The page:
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Books for those in ministry organizations who desire to take their leadership, teams, governance, and ministry effectiveness to the next level.

02 Jan '15

Staff and board relationships in the local church: What is healthy and what is unhealthy?

Posted by T.J. Addington
In the local church, staff board relationships are a critical factor in either health or dishealth. I am not speaking of the senior pastor (or in a large church the Executive pastor) here who is normally both a member of the board and the leader of staff. I am speaking of other staff and how they relate or do not relate to board members. Let me run through some scenarios that fit in the healthy and dishealthy columns as they are often played out in the church.

Unhealthy: There is to be no conversation between board members and staff except through the senior pastor or Executive Pastor. This effectively says that staff are not allowed to speak to board members or board to staff. This is often mandated in the name of policy governance. While it is true that in policy governance the board manages staff through one employee - the senior leader- and the board cannot manage staff other than the senior leader, eliminating conversation between boards and staff is not healthy. 

Consider this fact. By eliminating conversation between board members and staff, a dysfunctional or controlling leader can hide the fact that there is toxicity on staff. I have seen it many times and the board who is actually responsible for the health of the church is the last to know. The rule in the name of policy governance can be used as a foil to keep staff issues from reaching elected leaders. Yet the health of staff must be one of the highest priorities of leaders. 

Healthy: Board and staff are allowed to interact but it is understood that the board does not manage staff other than its senior leader. Healthy senior leaders don't mind board staff interaction as long as the board does not overstep its authority. In fact, I would go so far as to say that the board has a responsibility to monitor the health of the staff ethos and not simply to rely on what they are told by the senior leader. As Reagan famously said, "trust but verify." 

Unhealthy: Staff go around their supervisor to the board to achieve their ends. This violates the chain of authority which is through the senior leader and boards that allow it to happen are foolish and have moved into the area of management as well as disempowering the senior leader. Any form of triangulation that goes around our supervisor to achieve our ends is unhealthy.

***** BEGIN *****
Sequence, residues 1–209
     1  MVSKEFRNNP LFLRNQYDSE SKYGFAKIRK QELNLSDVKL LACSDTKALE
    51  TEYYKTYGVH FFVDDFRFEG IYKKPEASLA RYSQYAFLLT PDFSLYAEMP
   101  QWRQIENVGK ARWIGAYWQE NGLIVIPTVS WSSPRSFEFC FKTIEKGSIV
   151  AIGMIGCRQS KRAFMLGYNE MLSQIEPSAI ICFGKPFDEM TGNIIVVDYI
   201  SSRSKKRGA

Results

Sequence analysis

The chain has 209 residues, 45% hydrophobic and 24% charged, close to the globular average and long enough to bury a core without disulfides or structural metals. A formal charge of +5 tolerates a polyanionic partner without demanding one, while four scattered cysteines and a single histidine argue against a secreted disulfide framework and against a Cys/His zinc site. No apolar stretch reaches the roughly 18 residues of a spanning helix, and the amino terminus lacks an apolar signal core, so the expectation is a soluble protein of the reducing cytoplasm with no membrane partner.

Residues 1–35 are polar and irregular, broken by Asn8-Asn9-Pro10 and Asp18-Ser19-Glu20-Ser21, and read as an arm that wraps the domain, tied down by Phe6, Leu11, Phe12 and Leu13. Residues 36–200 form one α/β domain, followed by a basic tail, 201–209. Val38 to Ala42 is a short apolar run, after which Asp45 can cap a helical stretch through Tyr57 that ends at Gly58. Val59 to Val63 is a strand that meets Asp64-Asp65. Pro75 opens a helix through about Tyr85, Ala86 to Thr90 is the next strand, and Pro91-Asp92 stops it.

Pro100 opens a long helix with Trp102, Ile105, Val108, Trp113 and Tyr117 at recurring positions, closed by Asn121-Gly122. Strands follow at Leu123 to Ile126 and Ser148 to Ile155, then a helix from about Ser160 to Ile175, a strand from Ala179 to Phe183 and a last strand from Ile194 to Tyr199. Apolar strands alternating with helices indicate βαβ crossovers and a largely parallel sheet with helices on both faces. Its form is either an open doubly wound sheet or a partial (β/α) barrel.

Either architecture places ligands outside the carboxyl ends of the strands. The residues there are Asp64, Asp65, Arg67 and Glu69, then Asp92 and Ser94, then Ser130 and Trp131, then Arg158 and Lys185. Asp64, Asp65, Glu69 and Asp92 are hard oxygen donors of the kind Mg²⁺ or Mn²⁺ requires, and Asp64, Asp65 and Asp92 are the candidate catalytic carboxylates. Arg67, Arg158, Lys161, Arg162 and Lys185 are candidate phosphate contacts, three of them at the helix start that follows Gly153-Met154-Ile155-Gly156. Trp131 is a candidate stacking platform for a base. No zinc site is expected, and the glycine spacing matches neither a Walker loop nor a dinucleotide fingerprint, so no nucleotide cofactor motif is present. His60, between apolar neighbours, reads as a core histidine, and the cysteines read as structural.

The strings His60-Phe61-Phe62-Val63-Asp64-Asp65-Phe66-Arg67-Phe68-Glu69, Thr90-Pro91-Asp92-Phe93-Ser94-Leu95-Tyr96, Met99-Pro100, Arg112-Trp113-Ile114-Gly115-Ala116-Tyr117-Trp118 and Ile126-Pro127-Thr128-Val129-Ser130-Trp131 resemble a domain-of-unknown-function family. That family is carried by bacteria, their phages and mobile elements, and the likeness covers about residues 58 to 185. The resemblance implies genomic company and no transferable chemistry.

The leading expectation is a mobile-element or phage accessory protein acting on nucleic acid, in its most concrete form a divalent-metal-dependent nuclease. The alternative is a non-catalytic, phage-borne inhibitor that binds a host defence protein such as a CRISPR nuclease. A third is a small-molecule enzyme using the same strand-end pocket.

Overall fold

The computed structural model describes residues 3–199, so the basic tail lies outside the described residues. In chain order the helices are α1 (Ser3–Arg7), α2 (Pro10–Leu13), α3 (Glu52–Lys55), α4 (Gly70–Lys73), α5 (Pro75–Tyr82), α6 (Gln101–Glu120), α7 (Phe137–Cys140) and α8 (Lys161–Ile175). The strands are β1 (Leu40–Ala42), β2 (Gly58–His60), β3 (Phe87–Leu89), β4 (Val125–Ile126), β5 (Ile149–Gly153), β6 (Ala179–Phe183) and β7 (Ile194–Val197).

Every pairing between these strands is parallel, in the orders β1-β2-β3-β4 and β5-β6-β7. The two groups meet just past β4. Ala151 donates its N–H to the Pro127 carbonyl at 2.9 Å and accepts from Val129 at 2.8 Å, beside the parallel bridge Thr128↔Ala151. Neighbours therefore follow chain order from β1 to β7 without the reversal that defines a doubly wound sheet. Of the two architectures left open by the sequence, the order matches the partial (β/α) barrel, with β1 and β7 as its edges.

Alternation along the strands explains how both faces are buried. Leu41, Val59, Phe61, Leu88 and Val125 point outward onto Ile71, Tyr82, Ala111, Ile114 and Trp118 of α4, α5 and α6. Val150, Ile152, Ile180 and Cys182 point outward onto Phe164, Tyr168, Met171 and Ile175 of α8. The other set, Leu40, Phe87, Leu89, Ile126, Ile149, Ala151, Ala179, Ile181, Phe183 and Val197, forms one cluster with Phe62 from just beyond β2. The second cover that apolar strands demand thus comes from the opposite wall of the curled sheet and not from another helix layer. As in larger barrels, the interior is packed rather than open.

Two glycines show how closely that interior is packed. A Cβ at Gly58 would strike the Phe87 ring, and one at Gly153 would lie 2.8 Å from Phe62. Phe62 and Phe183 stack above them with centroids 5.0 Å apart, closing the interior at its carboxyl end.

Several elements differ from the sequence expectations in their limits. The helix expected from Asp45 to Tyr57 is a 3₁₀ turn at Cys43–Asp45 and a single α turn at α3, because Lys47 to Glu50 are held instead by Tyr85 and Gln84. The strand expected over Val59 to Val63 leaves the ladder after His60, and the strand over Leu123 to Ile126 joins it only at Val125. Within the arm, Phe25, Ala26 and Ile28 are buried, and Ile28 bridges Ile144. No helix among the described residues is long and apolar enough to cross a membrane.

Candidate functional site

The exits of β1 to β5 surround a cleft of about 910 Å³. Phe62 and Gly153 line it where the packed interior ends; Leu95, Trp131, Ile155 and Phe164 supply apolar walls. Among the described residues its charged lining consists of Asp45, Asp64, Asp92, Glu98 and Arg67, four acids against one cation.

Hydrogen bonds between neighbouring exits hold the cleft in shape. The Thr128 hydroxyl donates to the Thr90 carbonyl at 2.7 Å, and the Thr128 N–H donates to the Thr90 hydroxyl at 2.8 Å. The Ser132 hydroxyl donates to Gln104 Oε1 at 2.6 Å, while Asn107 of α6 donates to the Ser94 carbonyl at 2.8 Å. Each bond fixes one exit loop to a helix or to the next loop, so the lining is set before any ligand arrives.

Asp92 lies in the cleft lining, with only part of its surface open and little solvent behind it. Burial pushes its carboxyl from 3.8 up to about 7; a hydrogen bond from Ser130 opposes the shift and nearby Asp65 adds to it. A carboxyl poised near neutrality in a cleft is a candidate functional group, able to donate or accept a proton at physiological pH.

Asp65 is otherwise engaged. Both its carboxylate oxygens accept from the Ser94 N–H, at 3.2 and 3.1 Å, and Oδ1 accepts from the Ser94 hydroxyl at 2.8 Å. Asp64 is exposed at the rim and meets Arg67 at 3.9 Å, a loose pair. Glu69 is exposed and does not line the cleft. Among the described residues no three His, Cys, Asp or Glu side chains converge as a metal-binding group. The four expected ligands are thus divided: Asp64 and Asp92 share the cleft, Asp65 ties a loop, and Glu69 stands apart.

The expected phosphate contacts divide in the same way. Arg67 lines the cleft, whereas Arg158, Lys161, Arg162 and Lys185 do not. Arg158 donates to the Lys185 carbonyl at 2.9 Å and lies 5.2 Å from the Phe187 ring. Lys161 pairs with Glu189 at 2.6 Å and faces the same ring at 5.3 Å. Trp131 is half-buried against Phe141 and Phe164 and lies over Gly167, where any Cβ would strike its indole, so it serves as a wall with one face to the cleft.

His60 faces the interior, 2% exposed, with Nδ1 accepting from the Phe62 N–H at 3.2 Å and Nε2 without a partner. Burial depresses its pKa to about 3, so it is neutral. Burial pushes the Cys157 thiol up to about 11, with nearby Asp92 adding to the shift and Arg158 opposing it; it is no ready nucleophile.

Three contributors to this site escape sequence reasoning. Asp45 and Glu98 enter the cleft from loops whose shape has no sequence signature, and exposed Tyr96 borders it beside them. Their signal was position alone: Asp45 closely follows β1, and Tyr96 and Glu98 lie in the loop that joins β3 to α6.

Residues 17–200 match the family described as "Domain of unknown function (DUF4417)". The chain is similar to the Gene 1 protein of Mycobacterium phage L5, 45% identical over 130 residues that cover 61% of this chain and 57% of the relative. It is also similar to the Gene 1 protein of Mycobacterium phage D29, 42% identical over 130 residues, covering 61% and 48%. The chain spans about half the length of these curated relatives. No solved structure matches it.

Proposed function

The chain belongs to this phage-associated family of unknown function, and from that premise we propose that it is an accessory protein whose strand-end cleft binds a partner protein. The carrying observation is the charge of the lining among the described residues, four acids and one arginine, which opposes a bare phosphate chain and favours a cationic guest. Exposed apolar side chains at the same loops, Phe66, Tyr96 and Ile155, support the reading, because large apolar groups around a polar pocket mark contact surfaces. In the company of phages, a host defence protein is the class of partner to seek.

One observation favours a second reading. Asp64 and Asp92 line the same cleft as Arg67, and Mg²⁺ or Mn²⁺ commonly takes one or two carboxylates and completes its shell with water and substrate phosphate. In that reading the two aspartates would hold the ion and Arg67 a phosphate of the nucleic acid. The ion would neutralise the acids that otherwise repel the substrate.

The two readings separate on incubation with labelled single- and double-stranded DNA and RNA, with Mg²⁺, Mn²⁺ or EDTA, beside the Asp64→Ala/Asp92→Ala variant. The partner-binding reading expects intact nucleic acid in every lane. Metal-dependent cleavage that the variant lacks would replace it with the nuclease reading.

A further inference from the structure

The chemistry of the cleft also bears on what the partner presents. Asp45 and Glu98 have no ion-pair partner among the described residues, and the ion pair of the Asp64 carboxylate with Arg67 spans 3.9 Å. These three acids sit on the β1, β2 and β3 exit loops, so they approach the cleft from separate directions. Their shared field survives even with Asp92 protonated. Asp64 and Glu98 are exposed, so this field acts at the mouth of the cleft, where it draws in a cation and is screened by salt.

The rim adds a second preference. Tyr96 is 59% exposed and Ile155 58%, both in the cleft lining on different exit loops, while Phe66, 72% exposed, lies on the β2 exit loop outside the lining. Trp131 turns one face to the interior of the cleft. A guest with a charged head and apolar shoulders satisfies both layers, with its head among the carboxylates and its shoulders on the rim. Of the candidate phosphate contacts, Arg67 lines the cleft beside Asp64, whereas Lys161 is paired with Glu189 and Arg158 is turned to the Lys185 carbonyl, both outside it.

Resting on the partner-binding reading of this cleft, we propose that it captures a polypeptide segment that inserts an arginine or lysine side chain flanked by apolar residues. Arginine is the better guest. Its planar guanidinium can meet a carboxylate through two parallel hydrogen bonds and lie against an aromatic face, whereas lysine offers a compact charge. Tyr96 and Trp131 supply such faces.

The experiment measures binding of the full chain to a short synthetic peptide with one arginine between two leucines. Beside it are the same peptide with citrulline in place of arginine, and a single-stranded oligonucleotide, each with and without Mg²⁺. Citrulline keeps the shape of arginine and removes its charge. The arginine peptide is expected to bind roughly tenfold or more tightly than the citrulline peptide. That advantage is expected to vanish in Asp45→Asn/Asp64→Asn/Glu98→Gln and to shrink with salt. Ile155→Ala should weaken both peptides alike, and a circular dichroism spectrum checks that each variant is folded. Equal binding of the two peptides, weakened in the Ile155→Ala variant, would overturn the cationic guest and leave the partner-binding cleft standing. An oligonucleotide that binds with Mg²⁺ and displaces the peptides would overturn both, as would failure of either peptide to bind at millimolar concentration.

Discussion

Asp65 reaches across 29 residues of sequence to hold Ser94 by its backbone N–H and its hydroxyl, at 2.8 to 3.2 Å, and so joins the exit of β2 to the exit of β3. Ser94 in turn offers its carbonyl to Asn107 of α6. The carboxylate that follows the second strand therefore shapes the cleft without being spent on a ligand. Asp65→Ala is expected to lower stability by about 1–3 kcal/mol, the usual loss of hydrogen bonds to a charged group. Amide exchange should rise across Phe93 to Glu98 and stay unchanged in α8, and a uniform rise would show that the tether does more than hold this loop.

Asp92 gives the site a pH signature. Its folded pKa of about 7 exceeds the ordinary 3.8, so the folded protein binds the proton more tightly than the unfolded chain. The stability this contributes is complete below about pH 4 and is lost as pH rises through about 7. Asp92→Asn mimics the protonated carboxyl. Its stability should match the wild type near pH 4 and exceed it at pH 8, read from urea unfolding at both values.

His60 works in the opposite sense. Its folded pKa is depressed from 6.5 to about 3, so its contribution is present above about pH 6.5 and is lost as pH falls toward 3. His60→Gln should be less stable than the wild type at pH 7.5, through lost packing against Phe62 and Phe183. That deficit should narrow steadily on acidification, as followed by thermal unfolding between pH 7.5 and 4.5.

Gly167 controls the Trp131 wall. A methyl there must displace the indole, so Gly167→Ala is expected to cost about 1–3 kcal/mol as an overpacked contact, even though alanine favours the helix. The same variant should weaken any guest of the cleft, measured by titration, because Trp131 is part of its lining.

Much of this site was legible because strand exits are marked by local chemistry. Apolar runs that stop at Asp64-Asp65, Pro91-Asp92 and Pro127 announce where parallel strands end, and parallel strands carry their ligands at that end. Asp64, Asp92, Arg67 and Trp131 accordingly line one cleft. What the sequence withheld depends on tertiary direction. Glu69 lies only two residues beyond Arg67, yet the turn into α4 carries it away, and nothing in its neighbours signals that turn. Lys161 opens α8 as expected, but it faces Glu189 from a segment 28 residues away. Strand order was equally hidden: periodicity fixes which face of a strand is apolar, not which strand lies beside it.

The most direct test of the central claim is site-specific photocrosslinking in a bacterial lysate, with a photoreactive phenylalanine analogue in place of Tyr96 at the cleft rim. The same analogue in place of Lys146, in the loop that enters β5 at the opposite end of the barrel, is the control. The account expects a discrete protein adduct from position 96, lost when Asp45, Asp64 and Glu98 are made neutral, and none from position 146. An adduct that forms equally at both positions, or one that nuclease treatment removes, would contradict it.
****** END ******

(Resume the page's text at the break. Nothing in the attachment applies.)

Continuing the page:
Healthy: There must be a place where staff can go in the event that there is dishealth either in their relationship with their supervisor on staff in general. Senior leaders can bully their staff and dysfunctional ones often do to "keep quiet" about dishealth and significant problems on staff. In one church conflict I worked with there was a string of at least ten staff who had been unfairly treated and the board had never talked to any of them (they had a gag order). Essentially we are talking about a grievance policy where staff can go when they face serious issues. Not to have such a policy and procedure is to hurt staff and open the church up to legal liabilities.

Unhealthy: Preventing staff from communicating outside of the staff  structure if needed to resolve an issue - per a grievance policy. While it should happen seldom, there are leaders who make it impossible for a staff member to speak about serious issues outside of their presence. They do so because of their own insecurity and control issues.

Healthy: Regular board interaction with staff. I do not believe that staff should be on the board apart from perhaps the senior leader and the Executive Pastor. At the same time there should be regular touch points that boards have with the staff (in a large church, senior staff) where candid questions can be asked, relationships developed and ministry discussed. When this does not happen, boards only know what their senior leader tells them which is not always the full picture. 

To put all of this in perspective, whenever I see rules that keep conversation between board members and staff in the local church I become wary. Why does the senior leader feel he needs to prevent such communication? In healthy organizations with healthy leaders, there is not fear of such conversation because there is nothing to hide. Usually when excessive control is exerted, there is something to hide or unhealthy control being exerted by the senior leader. At the same time boards and staff must understand what a healthy relationship is and what it is not and abide by those principles.

I often hear from staff members who work in an environment where health does not exist and they have no real recourse. I am sad for them because the very transformative ministry that the church proclaims it is about is not what they live internally. It is a problem in too many churches.

All of T.J. Addington's books are available from the author for the lowest prices and a $2.00 discount on orders of ten or more.